Over the past couple of days, I have been exchanging phone calls with a potential Photo Restoration client, and today I finally got to met Eleanor and my new project, Michael Moran.
From what Eleanor had told me on the phone, was the original was 16×20 inches, mounted into a new wooden frame some years ago.
When Eleanor arrived, the picture was packaged in bubble wrap and a white garbage bag, being especially careful, since it had rained lightly earlier in the day.
As we sat and talked, I reiterated that it was not very common for people to get pictures done because of the expense and time involved, let alone an immigrant of the 1800s, and especially at a large size!
“I have a call into my brother to confirm that Michael Moran was from Ireland. He married Mary Hughes here in the States. Four children were born and 3 survived to adulthood (one of which was my grandmother). He became the Head Farmer for the Cassatt estate until he died of pneumonia.” – Eleanor
We chatted some more, and when Eleanor left, I knew I was in for a really good adventure with this Restoration project!
The first thing that I wanted to do, was document what I was doing, just encase I was confronted with some issue as I progressed.
So, how was I going to get this thing apart?
Turing it over, I inspected how the internal frame was connected to the external picture, and I was able to find five (5) small nails holding the picture to the frame.
Thankfully, these nails were easily removed with a pair of needle-nose pliers and some careful tugs.
Once the exterior frame was separated from the interior one, the next element to be aware of was the large pane of glass, and when it was removed, and inspected more carefully, had several ripples as a sign of age.
It was also now possible to closely inspect the surface tears and map them to the backside of the frame.
Toward the middle of the image, there was this pair of tears, one going all the way through to the fiber of the cloth backing, and a strange blue mark:
and near the bottom of the image, there was this tear:
Note – You can double-click on the pictures to get a larger view of the damage.
Some of the damage appears to be simple cracks to the surface, along with other water stains.
When looking at the edges, there is noticeable damage to the cloth used to connect the images to the frame.
I always have a concern when I am faced with a large print, especially of this size!
What also makes this digitization more challenging, is the fixed wood frame that the image is suspended on.
Most of the time, I encounter loose original prints that are not mounted, and with the condition of the cloth material, there was no way that I was going to remove this image from the frame for scanning.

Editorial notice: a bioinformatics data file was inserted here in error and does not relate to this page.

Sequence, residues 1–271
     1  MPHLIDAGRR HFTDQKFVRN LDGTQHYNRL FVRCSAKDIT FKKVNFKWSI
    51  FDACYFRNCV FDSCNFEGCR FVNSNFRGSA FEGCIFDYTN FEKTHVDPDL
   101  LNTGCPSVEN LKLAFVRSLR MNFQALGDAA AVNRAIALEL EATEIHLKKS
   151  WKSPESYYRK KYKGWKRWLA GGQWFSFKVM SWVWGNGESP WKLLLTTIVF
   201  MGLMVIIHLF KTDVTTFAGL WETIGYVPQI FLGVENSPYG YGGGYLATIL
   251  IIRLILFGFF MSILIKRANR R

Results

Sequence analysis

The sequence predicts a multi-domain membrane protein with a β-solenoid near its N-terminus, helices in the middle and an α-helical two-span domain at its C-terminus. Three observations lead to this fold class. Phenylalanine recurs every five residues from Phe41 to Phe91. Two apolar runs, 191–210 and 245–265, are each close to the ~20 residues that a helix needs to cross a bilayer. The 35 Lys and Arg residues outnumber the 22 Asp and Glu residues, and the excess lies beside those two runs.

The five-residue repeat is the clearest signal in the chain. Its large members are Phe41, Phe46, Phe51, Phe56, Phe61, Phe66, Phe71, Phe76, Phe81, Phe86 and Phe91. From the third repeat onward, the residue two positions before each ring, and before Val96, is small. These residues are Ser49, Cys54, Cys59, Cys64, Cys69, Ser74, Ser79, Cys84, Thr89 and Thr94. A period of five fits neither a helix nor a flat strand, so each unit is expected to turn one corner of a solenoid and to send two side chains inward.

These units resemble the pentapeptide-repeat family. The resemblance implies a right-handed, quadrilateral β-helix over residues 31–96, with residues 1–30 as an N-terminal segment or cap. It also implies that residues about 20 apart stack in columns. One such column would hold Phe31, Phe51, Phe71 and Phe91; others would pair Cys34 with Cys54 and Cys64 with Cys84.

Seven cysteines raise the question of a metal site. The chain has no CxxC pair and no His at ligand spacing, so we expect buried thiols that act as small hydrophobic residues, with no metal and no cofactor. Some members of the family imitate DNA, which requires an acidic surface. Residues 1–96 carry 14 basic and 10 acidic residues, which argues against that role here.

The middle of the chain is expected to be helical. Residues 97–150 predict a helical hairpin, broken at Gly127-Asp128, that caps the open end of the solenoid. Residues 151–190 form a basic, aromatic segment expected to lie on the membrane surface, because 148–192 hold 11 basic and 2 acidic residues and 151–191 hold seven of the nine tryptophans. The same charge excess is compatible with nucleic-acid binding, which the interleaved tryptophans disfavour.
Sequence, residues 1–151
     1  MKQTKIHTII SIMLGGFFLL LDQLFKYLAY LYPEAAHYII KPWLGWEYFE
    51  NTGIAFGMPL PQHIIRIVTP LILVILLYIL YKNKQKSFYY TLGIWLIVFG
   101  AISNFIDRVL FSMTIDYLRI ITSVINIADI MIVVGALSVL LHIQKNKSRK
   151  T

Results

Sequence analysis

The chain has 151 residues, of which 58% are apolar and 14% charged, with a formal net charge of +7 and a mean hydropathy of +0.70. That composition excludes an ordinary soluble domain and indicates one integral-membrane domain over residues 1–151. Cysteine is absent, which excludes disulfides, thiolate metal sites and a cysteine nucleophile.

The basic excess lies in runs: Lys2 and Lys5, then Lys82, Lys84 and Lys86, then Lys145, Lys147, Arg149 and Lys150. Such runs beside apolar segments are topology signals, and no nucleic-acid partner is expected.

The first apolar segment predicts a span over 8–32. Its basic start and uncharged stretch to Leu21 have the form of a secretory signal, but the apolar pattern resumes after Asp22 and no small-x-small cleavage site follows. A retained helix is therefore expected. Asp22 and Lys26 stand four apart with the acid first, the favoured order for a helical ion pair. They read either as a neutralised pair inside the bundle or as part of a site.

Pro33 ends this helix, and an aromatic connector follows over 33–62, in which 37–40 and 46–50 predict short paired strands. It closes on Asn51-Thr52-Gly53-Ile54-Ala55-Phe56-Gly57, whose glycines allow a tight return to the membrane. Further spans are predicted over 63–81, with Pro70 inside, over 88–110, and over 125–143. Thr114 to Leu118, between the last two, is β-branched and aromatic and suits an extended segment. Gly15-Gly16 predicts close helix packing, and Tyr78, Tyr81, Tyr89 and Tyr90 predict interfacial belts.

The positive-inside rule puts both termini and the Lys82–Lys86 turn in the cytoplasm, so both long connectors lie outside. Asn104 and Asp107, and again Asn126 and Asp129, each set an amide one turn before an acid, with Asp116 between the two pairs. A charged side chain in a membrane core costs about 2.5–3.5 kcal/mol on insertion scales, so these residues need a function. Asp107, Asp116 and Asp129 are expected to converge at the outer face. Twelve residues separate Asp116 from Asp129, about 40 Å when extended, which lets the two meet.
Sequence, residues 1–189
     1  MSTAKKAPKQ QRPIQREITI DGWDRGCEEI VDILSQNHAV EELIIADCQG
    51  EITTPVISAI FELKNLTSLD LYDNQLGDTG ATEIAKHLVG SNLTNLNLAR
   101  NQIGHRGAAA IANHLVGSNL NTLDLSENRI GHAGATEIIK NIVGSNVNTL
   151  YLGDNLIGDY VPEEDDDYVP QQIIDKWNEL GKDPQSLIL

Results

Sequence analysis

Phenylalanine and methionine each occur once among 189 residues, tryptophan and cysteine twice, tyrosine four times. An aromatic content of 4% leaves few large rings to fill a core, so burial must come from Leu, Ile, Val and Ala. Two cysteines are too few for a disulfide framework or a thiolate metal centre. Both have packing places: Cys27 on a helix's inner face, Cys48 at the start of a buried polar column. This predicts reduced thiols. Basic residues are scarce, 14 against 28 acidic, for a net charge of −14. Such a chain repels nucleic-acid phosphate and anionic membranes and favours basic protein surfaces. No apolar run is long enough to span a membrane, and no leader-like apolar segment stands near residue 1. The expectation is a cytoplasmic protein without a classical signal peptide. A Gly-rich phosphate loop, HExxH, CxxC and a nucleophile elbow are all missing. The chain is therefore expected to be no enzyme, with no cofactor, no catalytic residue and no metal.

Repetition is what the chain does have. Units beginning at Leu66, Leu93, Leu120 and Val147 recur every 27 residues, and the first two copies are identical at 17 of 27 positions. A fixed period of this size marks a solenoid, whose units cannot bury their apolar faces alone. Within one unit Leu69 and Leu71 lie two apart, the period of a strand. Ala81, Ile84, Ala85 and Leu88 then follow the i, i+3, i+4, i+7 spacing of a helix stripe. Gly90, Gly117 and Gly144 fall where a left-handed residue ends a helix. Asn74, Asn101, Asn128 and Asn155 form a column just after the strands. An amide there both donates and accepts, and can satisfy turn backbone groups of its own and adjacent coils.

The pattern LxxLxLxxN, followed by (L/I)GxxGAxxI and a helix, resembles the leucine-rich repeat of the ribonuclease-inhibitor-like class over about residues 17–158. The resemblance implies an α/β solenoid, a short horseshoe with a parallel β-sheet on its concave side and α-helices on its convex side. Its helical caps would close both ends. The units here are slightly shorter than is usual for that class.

The scanner I use, is an old Epson Perfection 4490 Photo, which I bought numerous years ago, and has a scanning bed of approximately 9×13 inches.
Another requirement of this project, was to scan the original to be Printed at 100%, which I knew was going to make for some very BIG files, but I had a plan, and hoped that my scanner was up for the task.
My solution, like many times before, was to break up the scan into four (4) sections: upper-left, upper-right, lower-left, and lower right, and then combine them into one image using Adobe Photoshop layers.
The final concern, and the most important, the scanners depth-of-field, which is exactly the same concept as with cameras, but with desktop scanners, the depth-of-field is very shallow, and the beveled lip on the edge of the scanner was not going to help, even if it was only 2-3 mm above the glass surface.
I lined up the first corner, leaving just a little break between the scanners capture edge and the edge of the print.
Once aligned, I placed a soft folded cloth on top, and then added some weights to gently and evenly press as much of the picture surface to the glass bed of the scanner as possible, and repeated three more times.
Once I had the four (4) quadrants scanned into 16-bit TIFF files, my next step was to combine the scans into one image, making absolutely sure that the images overlapped enough to mask out any softness that might have occurred during the scanning stage.
Thankfully, and once again, my Epson did not let me down!
Once combined, the final image is beginning to take shape.
From here, it is just taking the time to use the various tools within Photoshop to clean-up the various issues caused by cracks, rips, tears and water. For more information on how to handle these issues, please consult the various reference materials that are available on the internet.
After several hours of clean-up and tweaking, the proof image looks like this:
but remember, it is always the Client that has the final say!
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